Asbestosy Nail Removal
When the asbestos sheeting ceiling lining was removed by the slap dash asbestos removers they left behind most of the nails that held the stuff up many of which still sporting little chunks of asbestos. Nails were not included in the quote. We missed that upon perusal. So a few weeks ago we suited up in beanies, gloves, spray bottles and asbestos dust masks and removed every single nail. This was a somewhat satisfying 4 hour job, though regrettable considering its very existence was due to our oversight. Oh well. You learn from such things. The nails would have had to come out anyway for the new ceiling lining.
Finally after years and years of longing we bought a waterless composting toilet. We decided to go with Nature-Loo because I had heard good things about them. I loved the idea of not using valuable water to flush a toilet, especially when that water is from a tank or dam. I still love the water saving characteristic of composting toilets, however, with the flush toilet in the shed we use dam water from a permanently overflowing spring fed dam. This fact somewhat removed the potency from my toilet water saving needs. Though, of course, it still feels great saving water – no matter what that water’s perceived quality or quantity. In addition to this reasoning there has emerged another. Our current septic system attached to the shed is an older style tank and trench system. It has worked fine for the three years or so we have been here permanently. When discussing waste treatment systems with the relevant consultant designing our new system for the house, we decided to go with a similar system by the house to deal with grey water. Because we were including a composting toilet, we found out that we can minimise our trench space significantly by not using it for black (poo) water. This was good news, especially after discovering that the suggested trench site had a spring under it and would not have worked as a trench site for very long at all. The solution to this was to pump the grey water from tanks attached to the house over to the existing shed trench some 120 meters away. Considering the water is only grey, this existing trench would not even need to be extended. Less money all round. No need for more trenches just a tank or two, 120 metres worth of 1-2 inch polypipe and a sump pump. Oh and a composting toilet.
We were always going to incorporate a composting toilet into whatever waste treatment system we decided upon for the house. In many ways this early decision strongly dictated what we should do for the rest of the waste water system. Deciding to take responsibility for one’s own poo is very liberating. It means that you do not have to pay ongoing costs for some other process to do the job for you. It is crazy when you think about it. Those other processes are things like the Biolytix system which recycles waste water so it can be used again in certain household applications. Sounds like a great idea and of course it is in the dry times many people face now. The problem for me with these is the ongoing regular maintenance costs involved. I won’t wear this. And don’t have to because we will only have grey water to deal with.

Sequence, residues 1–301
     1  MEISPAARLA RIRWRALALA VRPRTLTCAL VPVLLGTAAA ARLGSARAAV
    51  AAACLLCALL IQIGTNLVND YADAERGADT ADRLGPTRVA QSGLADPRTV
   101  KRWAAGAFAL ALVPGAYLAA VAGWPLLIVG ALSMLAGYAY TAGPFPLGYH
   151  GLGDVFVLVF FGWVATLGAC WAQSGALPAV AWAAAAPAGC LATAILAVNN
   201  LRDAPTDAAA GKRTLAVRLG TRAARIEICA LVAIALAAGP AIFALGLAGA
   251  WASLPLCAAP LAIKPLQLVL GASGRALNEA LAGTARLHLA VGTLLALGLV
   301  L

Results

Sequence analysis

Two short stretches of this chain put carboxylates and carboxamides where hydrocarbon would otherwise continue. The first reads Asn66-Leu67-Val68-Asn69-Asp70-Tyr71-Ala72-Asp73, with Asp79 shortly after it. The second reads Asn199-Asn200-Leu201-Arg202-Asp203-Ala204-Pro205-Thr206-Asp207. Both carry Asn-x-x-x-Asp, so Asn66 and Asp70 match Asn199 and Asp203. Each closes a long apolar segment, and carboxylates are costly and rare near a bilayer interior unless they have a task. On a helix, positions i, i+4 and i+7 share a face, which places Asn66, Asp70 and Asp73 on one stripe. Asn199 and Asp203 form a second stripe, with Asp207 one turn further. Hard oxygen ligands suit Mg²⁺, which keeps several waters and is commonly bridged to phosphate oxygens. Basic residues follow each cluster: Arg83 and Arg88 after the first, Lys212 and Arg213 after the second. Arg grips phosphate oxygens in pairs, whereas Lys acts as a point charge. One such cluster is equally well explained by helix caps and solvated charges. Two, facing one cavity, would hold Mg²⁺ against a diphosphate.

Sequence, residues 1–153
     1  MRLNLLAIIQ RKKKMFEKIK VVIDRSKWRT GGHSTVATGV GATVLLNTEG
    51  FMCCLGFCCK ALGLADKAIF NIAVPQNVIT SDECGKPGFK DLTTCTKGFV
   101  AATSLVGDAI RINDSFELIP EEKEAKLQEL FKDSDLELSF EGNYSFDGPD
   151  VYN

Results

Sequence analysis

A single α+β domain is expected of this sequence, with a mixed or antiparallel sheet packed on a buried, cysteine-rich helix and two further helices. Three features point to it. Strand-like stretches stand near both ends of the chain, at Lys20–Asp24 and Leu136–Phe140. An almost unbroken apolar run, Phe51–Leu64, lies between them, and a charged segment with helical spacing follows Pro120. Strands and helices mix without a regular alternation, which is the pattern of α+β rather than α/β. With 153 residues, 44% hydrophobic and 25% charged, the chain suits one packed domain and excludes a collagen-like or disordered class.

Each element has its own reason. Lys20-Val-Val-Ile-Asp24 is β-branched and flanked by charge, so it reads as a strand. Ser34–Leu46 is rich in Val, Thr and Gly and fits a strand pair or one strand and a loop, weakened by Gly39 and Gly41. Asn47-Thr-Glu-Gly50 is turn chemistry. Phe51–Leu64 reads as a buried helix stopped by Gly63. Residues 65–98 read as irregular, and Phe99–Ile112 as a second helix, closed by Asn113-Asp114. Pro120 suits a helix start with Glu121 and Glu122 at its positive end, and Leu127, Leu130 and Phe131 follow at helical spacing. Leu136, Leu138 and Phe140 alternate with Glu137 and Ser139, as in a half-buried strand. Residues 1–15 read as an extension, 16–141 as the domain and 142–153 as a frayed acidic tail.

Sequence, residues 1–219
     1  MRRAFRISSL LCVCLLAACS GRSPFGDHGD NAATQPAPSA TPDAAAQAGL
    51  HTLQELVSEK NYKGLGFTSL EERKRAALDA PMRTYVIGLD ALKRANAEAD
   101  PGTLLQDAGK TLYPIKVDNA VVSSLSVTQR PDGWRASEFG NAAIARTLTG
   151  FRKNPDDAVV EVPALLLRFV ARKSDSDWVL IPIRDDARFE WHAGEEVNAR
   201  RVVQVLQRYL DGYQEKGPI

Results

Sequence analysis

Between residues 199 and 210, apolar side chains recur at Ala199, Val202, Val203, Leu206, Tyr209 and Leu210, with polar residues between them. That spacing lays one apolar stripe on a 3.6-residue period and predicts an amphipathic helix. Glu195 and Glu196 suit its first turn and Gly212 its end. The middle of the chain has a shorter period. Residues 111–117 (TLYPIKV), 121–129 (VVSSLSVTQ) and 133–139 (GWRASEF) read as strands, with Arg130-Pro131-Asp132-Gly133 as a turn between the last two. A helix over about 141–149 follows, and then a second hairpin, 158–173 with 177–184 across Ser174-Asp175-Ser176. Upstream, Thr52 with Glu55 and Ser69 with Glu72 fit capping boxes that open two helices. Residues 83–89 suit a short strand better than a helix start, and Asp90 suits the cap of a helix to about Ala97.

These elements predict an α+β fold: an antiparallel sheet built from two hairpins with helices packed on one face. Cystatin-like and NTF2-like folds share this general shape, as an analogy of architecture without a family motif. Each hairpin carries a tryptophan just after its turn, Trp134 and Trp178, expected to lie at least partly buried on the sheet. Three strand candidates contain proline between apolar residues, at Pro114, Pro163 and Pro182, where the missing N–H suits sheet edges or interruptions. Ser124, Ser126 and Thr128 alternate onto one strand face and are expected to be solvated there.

For those without town sewage connection and a strong aversion to the idea of a waterless toilet, I guess you need to ask yourself how much this aversion is going to cost me. Maybe try and get over it. Your pocket would surely appreciate it.
Anyway, we bought the Nature Loo ‘Classic 1000’ with two chambers. I will probably install it myself in the coming weeks. Watch this blog for the fun and games that is bound to bring. I will also discuss the grey water system more when it arrives.
As you are well aware by now dear reader, we rely on tank and dam water here on the property. We currently have a 23700 Litre (5000Gal) tank at the moment attached to the shed. It has been great. We decided we would leave this attached and purchase another bigger tank for the house. This is what we did. It is a 34000 Litre (7500Gal) tank and after being delivered and resting on its side for a couple of weeks was moved into place by my neighbour with the diggers.
Tank, baby and I
We placed this monster of a tank on the south east of the house. It is only a metre away and dug into the slope enough so that its inlet is low enough to have down pipes from the gutters run down the house under the floor and across into the tank. Currently we have underground pipes going from the shed and back up into the tank some 15 metres away. I don’t really like this method as the water sits in the pipes underground in between rain and I can never be bothered ‘bleeding’ these pipes as often as I should.
This was pretty straight forward and probably does not require a paragraph but seeing as I am in the business of providing paragraphs, here it is. We first thought we would have to run electrical wires overhead from the shed to the house as there is a wet gully between them. Before getting a quote for this, I talked to my neighbour who assured me that it was easier and cheaper to go under the gully. I didn’t think such a thing would be allowed. It is and so that is what we did. The metre box remained on the shed and 130 metres of conduit covered cable was dug some 60 cm underground. Where it crossed the gully floor we had a small spring fed pond dug and crossing made for a nice leisurely path from house to shed. So the electricity is now hooked up. We will wait until the ceiling is in to have lights. This means we can have a crack at putting the missing half of the front deck and its associated roof together.